Northern Michigan had an outbreak of canine parvovirus infection this summer that sickened several dogs. Before the disease was confirmed through additional testing in affected patients, veterinarians were left wondering about the origins of the illness.
But parvovirus is no mystery. The infection, better known as parvo, is a highly contagious disease that can affect all dogs and can be deadly if left untreated. It causes diarrhea, abdominal pain and vomiting, according to the American Animal Hospital Association. The virus primarily arises in puppies who have not received all doses of the parvovirus vaccine, which was the case in Michigan.
Vaccination is the best prevention against parvo. “Make sure your animals are getting their vaccines on time and boosting appropriately,” Amy Nichelason, a canine and feline practitioner and clinical assistant professor of primary care at the UW School of Veterinary Medicine said on a recent episode of Wisconsin Public Radio’s The Larry Meiller Show.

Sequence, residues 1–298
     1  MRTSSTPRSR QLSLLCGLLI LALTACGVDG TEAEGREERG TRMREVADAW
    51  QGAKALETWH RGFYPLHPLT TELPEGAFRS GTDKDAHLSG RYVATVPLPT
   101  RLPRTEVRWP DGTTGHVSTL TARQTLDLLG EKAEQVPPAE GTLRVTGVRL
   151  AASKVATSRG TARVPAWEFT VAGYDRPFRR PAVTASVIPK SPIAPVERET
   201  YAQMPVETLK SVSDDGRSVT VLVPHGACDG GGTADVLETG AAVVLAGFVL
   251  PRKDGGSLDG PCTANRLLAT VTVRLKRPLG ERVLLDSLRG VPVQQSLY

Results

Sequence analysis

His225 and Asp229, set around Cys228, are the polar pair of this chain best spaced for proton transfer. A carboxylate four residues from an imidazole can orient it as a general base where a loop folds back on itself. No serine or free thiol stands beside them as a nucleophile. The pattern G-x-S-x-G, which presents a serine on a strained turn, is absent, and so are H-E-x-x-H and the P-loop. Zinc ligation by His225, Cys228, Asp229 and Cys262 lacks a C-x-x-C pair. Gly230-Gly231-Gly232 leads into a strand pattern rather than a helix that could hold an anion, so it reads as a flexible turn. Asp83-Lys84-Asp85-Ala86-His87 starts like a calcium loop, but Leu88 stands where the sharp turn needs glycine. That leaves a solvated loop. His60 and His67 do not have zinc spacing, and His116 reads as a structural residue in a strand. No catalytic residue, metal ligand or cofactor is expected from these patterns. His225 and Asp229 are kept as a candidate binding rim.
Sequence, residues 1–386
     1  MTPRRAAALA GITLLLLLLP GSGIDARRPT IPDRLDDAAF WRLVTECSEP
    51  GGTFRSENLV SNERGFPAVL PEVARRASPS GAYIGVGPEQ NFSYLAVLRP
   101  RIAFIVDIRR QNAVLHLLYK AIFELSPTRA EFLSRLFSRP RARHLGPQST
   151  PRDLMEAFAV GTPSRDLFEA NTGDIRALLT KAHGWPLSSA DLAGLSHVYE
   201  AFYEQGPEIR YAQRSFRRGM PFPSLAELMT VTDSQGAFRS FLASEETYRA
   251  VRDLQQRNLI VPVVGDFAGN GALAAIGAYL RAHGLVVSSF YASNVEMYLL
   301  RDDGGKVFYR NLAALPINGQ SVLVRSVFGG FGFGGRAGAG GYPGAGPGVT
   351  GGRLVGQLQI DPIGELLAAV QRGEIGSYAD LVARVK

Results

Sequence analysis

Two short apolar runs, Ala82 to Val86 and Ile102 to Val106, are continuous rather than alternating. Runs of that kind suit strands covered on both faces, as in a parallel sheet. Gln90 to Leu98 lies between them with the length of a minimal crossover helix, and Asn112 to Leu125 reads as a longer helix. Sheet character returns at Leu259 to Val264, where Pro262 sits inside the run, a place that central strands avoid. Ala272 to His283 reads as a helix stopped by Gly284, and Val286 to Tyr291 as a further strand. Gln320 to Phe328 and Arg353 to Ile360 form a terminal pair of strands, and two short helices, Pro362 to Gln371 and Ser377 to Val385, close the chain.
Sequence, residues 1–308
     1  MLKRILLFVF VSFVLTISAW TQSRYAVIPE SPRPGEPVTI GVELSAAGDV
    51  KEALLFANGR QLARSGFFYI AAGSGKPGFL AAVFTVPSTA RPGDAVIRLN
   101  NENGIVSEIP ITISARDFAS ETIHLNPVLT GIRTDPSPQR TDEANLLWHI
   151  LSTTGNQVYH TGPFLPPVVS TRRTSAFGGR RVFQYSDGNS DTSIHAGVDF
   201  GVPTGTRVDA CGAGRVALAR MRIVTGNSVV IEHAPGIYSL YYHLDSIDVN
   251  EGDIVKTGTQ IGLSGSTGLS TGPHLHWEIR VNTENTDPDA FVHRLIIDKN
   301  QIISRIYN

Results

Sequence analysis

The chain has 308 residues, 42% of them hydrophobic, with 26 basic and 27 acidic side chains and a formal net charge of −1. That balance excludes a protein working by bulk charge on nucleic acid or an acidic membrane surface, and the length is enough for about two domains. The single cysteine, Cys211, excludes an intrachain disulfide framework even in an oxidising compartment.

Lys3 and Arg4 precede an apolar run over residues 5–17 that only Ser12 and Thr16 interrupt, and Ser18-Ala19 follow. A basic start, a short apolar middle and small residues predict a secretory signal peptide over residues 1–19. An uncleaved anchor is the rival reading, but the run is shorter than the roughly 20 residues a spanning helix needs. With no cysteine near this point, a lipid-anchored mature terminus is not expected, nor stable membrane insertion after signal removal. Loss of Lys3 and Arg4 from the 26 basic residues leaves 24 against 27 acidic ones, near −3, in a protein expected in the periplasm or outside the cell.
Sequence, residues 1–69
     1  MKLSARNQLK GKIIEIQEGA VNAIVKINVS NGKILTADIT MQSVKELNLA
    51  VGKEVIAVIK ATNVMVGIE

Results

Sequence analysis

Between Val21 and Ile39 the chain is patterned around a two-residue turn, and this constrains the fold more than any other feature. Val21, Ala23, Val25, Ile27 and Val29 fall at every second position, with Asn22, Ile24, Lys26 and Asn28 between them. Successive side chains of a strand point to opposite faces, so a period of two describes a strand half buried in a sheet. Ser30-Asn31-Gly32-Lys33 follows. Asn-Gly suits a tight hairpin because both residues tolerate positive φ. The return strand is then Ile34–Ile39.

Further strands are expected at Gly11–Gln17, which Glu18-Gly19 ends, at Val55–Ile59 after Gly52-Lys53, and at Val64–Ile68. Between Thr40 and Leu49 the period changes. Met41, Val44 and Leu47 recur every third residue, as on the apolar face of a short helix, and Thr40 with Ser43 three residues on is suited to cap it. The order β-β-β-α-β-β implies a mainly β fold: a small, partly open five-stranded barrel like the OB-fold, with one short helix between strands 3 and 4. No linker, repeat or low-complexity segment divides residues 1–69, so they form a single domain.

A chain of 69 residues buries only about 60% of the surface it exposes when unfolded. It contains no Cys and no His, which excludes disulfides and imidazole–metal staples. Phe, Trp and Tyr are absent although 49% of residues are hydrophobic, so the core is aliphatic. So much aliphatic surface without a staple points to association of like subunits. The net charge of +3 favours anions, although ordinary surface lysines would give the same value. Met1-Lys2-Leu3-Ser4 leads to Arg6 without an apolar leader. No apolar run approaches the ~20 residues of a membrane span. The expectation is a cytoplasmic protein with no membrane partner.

The parvo vaccine consists of three doses given every two to four weeks when a puppy is between six to 16 weeks old. Complete vaccination is essential to parvo immunity.
Until your puppy has received their full dose, “make sure your puppies aren’t exposed to high-risk situations,” Nichelason says. Such higher-risk situations include dog parks or encounters with other unvaccinated dogs.
If you are unsure if your dog is vaccinated, no matter their age, treat them as though they are not vaccinated, and talk to your veterinarian about starting the parvo vaccination process.